DAWN, n. The time when men of reason go to bed. Certain old men prefer to rise at about that time, taking a cold bath and a long walk with an empty stomach, and otherwise mortifying the flesh. They then point with pride to these practices as the cause of their sturdy health and ripe years; the truth being that they are hearty and old, not because of their habits, but in spite of them. The reason we find only robust persons doing this thing is that it has killed all the others who have tried it.

DAY, n. A period of twenty-four hours, mostly misspent. This period is divided into two parts, the day proper and the night, or day improper—the former devoted to sins of business, the latter consecrated to the other sort. These two kinds of social activity overlap.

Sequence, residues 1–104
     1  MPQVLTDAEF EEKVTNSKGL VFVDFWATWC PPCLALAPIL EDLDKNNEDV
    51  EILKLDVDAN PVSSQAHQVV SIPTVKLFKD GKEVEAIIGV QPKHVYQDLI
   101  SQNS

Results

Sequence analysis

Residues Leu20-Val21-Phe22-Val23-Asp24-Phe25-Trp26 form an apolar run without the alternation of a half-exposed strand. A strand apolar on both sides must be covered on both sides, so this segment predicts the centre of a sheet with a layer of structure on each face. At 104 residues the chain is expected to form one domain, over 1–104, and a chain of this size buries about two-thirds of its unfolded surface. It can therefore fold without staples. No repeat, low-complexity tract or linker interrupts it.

DEBAUCHEE, n. One who has so earnestly pursued pleasure that he has had the misfortune to overtake it.

 

DEBT, n. An ingenious substitute for the chain and whip of the slave-driver.

 

DECALOGUE, n. A series of commandments, ten in number—just enough to permit an intelligent selection for observance, but not enough to embarrass the choice.